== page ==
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Although none of the participants reported themselves replacing ART with traditional medicine, they did report that acquaintances of theirs replaced ART drugs with traditional medicines. One male participant, for example — who has been on ART for between 1 and 3 years — reported how he combined his ART medication with traditional medicine:. You take it with tea or any foodstuff. In food, you put one teaspoon. It has worked. Immediately I started using it the CD4 improved. He is promoting herbal things. When I looked at his children, he now has mental problem because of using Back to Eden.

Religion played a big role in the research setting. Some participants reported that certain religions promoted faith healing and how such people followers of the religion were encouraged to abandoned ART when the priests told them to have faith that they were healed through prayer. I have seen two or three die because they believed pastors and stopped taking their drugs.

My neighbour, she went to church and was told she was healed and threw away her ARVs. She came back and is not healed. She got very sick and now she is back on ART. So if you want healing, stop ART. I had a sister — she took ART for 9 months and she stopped. She is just okay up to now - she is not taking them.

Some respondents who disclosed their HIV status to their families reported easy adherence because of the support that they received from spouses and children:. This disclosure makes it easy for me to take my medication.

* Route 2 : Dar es Salaam – Cape Town November – December 2020

We remind each other. You will wait for people to sleep and then take you medicine all laugh. By this time your timing for medicine would be past. Other participants, however, reported discrimination from their spouses upon disclosure of their HIV status. This made it difficult for them to openly take their medication:.

When taking medication, I was hiding and had to be in a private place. My wife was so annoyed, and she started blaming me that I was the one who will cause her to get sick.

We had serious problems and our marriage almost ended. In our study, many participants reported social barriers to ART adherence in the form of lack of food, which was brought about by high levels of poverty and unemployment. The strong interaction between having adequate nutrition and the taking of medication was illustrated in practical terms when participants chose not to take their ART drugs when food was scarce out of fear of severe side effects.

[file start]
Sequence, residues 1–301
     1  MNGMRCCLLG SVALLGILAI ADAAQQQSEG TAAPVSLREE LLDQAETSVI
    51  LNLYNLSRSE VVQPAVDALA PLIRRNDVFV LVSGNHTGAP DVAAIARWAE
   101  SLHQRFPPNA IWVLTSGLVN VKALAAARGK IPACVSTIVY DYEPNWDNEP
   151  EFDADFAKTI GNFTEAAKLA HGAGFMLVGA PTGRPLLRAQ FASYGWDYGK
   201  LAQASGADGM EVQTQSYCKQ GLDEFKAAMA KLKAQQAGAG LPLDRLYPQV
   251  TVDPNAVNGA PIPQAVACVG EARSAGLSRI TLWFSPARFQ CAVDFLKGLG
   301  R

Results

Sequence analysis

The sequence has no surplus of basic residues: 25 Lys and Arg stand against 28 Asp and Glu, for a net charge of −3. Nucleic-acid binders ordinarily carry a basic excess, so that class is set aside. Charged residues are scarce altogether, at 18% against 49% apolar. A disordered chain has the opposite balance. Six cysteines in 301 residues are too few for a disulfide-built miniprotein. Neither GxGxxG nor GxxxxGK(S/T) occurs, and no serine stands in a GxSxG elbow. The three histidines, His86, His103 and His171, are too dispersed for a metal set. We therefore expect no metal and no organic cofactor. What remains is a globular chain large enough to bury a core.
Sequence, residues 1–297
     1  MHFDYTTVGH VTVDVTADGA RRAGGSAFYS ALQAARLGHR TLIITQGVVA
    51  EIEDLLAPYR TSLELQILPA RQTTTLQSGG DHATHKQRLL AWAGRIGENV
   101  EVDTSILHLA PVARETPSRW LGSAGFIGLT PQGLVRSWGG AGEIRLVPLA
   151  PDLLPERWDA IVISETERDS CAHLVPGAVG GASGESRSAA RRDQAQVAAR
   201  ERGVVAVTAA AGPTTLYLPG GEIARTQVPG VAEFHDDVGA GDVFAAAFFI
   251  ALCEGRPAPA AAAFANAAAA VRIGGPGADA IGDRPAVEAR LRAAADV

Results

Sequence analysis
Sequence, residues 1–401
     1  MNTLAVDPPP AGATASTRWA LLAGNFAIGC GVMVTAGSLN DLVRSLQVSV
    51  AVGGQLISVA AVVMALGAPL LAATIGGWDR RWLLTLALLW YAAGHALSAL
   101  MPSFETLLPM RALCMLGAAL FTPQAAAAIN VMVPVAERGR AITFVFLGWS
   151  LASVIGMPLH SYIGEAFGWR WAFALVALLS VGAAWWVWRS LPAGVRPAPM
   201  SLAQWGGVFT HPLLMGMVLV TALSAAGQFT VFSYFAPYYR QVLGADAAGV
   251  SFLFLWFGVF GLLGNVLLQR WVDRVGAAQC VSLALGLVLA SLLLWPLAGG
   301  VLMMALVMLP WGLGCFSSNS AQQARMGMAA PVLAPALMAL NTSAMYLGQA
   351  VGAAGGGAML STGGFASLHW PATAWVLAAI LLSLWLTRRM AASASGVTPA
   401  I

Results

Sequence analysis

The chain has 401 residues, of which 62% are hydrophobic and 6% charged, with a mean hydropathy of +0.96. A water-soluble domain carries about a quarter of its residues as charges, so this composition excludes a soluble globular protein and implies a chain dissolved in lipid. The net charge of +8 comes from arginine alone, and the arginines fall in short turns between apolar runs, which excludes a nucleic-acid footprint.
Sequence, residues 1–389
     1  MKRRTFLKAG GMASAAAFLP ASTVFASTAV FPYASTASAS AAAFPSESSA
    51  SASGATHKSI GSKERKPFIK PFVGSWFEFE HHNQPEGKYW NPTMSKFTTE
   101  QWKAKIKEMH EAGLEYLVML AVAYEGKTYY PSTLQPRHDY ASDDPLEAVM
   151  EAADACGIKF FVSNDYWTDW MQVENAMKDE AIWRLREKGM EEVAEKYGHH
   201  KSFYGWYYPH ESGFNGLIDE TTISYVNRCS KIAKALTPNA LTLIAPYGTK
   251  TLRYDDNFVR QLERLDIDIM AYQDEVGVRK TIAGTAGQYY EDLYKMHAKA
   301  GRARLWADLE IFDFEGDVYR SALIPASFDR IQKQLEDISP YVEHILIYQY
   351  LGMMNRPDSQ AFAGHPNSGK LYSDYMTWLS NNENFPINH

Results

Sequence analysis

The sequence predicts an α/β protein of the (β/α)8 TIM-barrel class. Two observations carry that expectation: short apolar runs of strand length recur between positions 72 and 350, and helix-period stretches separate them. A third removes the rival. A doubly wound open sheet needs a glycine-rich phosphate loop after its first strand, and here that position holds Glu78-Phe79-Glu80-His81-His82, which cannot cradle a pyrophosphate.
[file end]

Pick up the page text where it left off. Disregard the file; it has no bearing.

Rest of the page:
This finding is supported by studies in Uganda and Namibia, in settings where HIV patients were also poor and mostly unemployed. In addition, health services should consider alternatives to reduce the costs of having patients travel to health facilities to pick up medication, by establishing community pick-up points closer to the patients in the community.

This finding is consistent with that of Peltzer et al. Religion in many different forms appeared to play similar roles as traditional medicine because it was also shown in the study to be either used in combination with ART or as a replacement. This is consistent with the findings by Sanjobo et al. This study found that those who had disclosed their HIV status to their families and close acquaintances had no problems with adherence to ART because of the support rendered, while those who had not disclosed this had challenges regarding adherence to ART.

This finding is consistent with that of Obgochi who reported that patients in Malawi who had not disclosed their HIV status were more likely to suffer frequent treatment interruptions. This was an exploratory qualitative study and cannot be generalised to all patients attending LGH. However, it is conceivable that the findings of this study may be applicable to similar resource-constraint settings in other parts of Zambia and the continent.

Conducting FGDs and semi-structured interviews within the hospital premises may have inhibited some respondents from expressing their views freely. Lastly, the researcher, being a man, could have limited the depth to which female participants could have contributed because of cultural barriers. The current exploratory qualitative study conducted at LGH in Zambia demonstrates that factors influencing adherence to ART are complex and interrelated — combining social and economic aspects of HIV and health. The study gives support to the notion that the social determinants of health that influence HIV patients should receive as much attention as medical interventions.